Separating style and content
|MERL Report: ||TR96-36: J. B. Tenenbaum, W. T. Freeman
Adv. in Neural Info. Proc. Systems, volume 9, MIT Press, 1997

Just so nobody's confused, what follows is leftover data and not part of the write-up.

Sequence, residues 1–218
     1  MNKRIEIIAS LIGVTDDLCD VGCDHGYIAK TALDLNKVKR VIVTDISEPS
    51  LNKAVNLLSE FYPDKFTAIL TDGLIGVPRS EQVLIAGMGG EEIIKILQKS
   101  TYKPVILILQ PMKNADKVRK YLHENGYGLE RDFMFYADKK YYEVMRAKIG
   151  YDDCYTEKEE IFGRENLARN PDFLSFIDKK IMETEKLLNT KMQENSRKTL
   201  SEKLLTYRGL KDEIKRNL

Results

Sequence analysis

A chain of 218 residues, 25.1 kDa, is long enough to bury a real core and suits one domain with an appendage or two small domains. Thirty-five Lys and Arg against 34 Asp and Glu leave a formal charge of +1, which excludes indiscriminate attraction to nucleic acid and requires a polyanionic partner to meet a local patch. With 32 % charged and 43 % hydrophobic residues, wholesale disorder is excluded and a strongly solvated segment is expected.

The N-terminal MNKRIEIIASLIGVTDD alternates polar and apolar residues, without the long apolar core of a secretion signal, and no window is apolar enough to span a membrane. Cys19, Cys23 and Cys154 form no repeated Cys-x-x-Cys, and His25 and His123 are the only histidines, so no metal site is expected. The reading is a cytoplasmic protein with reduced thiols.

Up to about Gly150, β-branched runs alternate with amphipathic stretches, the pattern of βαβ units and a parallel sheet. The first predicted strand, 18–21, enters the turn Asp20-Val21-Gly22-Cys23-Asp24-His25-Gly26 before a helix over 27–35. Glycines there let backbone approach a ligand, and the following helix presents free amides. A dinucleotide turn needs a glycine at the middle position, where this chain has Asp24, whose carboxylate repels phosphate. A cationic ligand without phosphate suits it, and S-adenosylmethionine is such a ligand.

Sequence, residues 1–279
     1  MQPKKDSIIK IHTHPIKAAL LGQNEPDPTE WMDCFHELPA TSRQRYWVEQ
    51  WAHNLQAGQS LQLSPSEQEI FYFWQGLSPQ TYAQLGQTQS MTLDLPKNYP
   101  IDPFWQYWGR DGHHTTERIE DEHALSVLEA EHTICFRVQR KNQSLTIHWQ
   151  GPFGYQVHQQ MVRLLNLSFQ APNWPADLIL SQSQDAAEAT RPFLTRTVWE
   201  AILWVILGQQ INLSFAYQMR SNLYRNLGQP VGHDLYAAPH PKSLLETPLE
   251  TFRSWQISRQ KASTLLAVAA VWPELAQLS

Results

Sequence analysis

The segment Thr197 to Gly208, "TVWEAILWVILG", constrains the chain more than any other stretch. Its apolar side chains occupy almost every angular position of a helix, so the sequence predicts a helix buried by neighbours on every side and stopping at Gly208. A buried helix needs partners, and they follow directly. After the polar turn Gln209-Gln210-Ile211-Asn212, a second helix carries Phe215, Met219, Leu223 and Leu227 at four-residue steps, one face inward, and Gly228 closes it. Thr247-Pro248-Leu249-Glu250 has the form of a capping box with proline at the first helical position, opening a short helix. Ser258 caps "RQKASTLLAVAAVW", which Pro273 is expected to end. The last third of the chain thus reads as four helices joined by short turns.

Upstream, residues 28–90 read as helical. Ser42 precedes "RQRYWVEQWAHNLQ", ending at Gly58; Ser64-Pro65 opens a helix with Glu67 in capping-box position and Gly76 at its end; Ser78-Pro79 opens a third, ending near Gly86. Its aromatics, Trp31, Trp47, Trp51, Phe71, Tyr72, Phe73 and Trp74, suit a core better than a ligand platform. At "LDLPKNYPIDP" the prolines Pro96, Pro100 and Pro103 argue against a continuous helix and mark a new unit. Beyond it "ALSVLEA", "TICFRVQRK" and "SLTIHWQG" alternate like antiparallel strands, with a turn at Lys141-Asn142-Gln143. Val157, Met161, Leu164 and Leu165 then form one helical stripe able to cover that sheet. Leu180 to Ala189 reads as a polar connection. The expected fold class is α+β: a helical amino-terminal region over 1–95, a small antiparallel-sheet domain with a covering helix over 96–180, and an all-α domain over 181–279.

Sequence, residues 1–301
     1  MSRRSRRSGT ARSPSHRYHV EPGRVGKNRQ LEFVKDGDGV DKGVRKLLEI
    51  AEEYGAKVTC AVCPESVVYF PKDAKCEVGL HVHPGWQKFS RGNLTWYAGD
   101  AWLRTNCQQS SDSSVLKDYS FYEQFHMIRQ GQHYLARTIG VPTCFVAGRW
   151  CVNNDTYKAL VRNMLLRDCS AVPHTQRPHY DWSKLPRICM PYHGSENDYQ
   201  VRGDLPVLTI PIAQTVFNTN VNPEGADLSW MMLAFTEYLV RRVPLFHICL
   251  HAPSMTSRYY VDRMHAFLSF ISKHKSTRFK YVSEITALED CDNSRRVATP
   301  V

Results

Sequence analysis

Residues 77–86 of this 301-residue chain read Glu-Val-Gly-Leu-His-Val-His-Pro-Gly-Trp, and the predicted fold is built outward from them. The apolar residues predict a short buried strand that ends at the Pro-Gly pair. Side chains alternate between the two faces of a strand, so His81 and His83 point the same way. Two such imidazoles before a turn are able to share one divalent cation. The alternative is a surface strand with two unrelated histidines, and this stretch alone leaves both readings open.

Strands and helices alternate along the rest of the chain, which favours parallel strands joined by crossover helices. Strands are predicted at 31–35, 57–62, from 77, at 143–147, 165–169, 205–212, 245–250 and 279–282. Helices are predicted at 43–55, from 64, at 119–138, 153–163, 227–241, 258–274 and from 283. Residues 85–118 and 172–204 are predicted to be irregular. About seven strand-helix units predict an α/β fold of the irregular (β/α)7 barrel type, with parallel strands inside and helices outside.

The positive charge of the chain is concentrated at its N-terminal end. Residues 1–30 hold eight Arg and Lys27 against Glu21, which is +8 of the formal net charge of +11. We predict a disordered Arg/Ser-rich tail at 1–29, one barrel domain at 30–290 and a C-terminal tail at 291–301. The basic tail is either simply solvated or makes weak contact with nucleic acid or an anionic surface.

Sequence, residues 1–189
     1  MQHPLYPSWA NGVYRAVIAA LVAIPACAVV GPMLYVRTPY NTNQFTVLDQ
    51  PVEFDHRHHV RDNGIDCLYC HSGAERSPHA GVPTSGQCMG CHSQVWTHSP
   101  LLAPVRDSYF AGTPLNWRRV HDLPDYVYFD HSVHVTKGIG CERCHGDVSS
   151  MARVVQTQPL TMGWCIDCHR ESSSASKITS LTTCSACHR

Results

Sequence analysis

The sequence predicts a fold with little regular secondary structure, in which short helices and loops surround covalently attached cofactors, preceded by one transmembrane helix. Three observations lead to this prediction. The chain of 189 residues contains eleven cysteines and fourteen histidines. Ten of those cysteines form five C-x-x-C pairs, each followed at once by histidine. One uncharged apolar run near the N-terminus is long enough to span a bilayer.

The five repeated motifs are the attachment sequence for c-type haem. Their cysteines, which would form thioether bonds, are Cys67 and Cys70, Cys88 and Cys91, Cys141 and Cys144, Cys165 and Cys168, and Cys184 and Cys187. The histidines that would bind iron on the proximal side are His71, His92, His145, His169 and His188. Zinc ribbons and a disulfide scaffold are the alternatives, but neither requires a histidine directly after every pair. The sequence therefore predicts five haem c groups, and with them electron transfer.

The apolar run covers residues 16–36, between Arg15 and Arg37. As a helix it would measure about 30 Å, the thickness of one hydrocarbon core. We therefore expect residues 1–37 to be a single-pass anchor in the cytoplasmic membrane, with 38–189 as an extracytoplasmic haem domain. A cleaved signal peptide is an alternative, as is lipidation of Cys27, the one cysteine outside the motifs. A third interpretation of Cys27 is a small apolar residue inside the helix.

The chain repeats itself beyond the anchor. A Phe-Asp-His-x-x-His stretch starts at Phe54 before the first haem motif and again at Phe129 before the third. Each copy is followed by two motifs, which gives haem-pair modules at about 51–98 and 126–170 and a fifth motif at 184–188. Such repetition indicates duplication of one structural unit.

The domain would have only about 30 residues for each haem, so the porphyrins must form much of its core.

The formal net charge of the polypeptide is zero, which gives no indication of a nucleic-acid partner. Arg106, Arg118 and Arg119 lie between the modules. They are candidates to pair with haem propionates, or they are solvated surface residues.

We seek to analyze and manipulate two factors, which we generically call style and content, underlying a set of observations. We fit training data with bilinear models which explicitly represent the two-factor structure. These models can adapt easily during testing to new styles or content, allowing us to solve three general tasks: extrapolation of a new style to unobserved content; classification of content observed in a new style; and translation of new content observed in a new style. For classification, we embed bilinear models in a probabilistic framework, Separable Mixture Models (SMMs), which generalizes earlier work on factorial mixture models (Hinton '94, Ghahramani '95). Significant performance improvement on a benchmark speech dataset shows the benefits of our approach.